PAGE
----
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It's NOT a 'Sport' button!


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Imagine my dismay at discovering that the little button with the Koni shock icon is not a Sport button! I guess my perceptions of a quicker throttle response and snappier exhaust were all in my head! Good thing my C2S seems just as sporty and noisy without one! Does the true Sport button only come with the "Sport Chrono" option? I AM thankful however, that the PASM on the "Morgan +4" setting IS there when all that oomph and torque comes on line out of a corner! Forgive me: I'm just a newbie.

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Sport chrono + have two buttons, one with the shock icon= controls only PASM and one with sport inscription which overrules PASM button, throttle control via DME, brakes and a lot more.

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Sport chrono + have two buttons, one with the shock icon= controls only PASM and one with sport inscription which overrules PASM button, throttle control via DME, brakes and a lot more.

Yeah, after reading all that mouth watering stuff in the manual about what that button does, I ran to look inside my car and alas, no Sport button. Drat. Still love that little green monster though.

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Sport Chrono simply adds the "Sport" button which re-maps the throttle and stiffens the PASM. I'm not aware of it doing anything with brakes. It is the least used option I have, as I find the re-mapped throttle somewhat useless (and problematic in autocross applications). And the chrono thing is so complicated I have no interest in trying to use it. In my opinion, you're not missing anything by not having the "sport" button.

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. . . It also some how makes the motor

louder. This is real good at the track. Not sure

if you need it around town.

Paul

I read/heard somewhere, that the Sport setting also bypasses a coupla baffles in the muffler, or maybe it's on the intake side.

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From the Porsche Technik Book:

"Effects of the Sport Chrono function on the Motronic

The optionally available Sport Chrono Package notably increases driving pleasure and the vehicle’s performance. The engine is also affected when the Sport Chrono button is activated.

The following features are initiated:

More sporty load cycle behaviour

When the Sport Chrono function is selected, the transfers between acceleration and deceleration become sportier. This means that injection and ignition are switched on and off more directly when accelerating and particularly when decelerating, resulting in a more spontaneous and dynamic load cycle.

More abrupt engine speed cut-off

To increase driving comfort a ’gentle’ cut-off is generally used when accelerating and reaching the engine speed cut-off setting. In the process the throttle is continuously closed when approaching the limit range for speed. The Sport Chrono function facilitates additional acceleration potential through the use of an abrupt engine speed cut-off by switching off individual cylinders (injection and ignition) in a rotating fashion just shortly before the engine speed limit. The perceptible limit of acceleration lets the driver know if an upshift is executed too late. This allows the driver to learn how to identify the optimum shift point with more accuracy and to take fuller advantage of the engine’s potential for acceleration.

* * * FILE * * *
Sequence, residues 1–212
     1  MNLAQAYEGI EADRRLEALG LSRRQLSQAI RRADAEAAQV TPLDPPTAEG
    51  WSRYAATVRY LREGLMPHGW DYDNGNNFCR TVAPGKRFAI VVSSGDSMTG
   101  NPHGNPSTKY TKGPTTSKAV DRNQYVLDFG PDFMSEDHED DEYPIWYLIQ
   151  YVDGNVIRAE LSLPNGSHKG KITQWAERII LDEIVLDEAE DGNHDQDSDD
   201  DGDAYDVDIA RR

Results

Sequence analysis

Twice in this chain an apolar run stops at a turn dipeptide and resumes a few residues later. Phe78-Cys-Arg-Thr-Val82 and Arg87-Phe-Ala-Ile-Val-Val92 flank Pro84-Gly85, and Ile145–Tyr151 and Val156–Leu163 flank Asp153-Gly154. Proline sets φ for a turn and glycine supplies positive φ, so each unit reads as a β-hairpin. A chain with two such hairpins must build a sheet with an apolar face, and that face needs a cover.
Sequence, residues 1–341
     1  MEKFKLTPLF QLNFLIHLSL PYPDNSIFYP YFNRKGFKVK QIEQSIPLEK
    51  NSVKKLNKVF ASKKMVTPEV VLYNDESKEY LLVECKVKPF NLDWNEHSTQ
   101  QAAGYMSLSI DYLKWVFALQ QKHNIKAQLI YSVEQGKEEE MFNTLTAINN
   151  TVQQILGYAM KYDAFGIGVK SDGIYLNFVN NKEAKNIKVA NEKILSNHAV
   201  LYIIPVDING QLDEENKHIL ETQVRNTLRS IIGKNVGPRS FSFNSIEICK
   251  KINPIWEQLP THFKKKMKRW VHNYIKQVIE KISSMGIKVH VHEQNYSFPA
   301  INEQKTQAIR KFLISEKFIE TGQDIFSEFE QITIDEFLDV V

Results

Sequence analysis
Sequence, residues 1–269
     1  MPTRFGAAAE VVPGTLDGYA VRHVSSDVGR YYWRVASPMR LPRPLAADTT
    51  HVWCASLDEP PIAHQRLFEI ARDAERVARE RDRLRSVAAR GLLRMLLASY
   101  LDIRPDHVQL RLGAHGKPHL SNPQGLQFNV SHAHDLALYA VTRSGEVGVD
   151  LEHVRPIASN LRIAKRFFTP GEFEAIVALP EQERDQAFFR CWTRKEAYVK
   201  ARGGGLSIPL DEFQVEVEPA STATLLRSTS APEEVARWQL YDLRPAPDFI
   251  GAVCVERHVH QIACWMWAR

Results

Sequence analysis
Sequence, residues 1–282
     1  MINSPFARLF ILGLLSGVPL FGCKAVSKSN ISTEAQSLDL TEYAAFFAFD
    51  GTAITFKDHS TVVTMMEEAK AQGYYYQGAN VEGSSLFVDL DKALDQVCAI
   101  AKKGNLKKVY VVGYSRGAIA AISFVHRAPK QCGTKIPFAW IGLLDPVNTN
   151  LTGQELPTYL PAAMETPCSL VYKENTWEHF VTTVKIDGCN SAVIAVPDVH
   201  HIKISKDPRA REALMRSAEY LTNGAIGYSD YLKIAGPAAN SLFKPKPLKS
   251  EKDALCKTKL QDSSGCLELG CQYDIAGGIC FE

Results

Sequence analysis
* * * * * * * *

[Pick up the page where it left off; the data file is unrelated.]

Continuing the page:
When the Sport Chrono button is pressed, the abrupt cut-off is active in 1st to 5th gears for the manual gearbox (without Sport Chrono function only in 1st and 2nd gears) and in the manual gate “M” for Tiptronic transmission.

More dynamic accelerator pedal characteristic

The electronic accelerator pedal (electronic throttle) has been used on the 911 Carrera models since model year 2000. With this system, the accelerator pedal position is converted into electrical signals via potentiometers and forwarded as a control signal to the electromechanical throttle via the Motronic control module. The “conversion” between accelerator pedal angle and throttle angle is performed in the Motronic control unit. Sensitivity and hence driveability in the lower speed and load range are factors here, as is even transmission across the entire pedal or throttle travel.

When the Sport Chrono button is active, a more dynamic accelerator pedal characteristic produces a more spontaneous engine response, underpinning the sporty character. This is achieved via a steeper rise for the electronic throttle characteristic by means of a shorter “conversion” between accelerator pedal and throttle angle. This means that the throttle is opened further or faster with the same accelerator pedal travel and selected Sport Chrono function (with Tiptronic S only in the manual “M” position)."

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  • 2 weeks later...
Sport also allows a more 'relaxed' PSM intervention, i.e. you can achieve about a 45 degree slip angle before it cust in to straighten you up !

I'm gonna take a high performance driving class this January or February, so I'll see how effective the PASM (without the true Sport button's bells and whistles) at the kidney-busting setting really is. Actually, at higher speeds, the PASM "sport" setting is considerably less harsh.

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I find that on track use, sport is perfectly matched to the cars dynamics.

You can rotate the rear better on corner entry with the sport setting, as it allows this to happen before saving your *** if you nail it too early or too hard !

Can't wait to give it a try. Is that "sport" on the PASM only? The car certainly feels more controllable when I punch it, say, on some of the more windey parts of L.A.'s Mulholland Drive.

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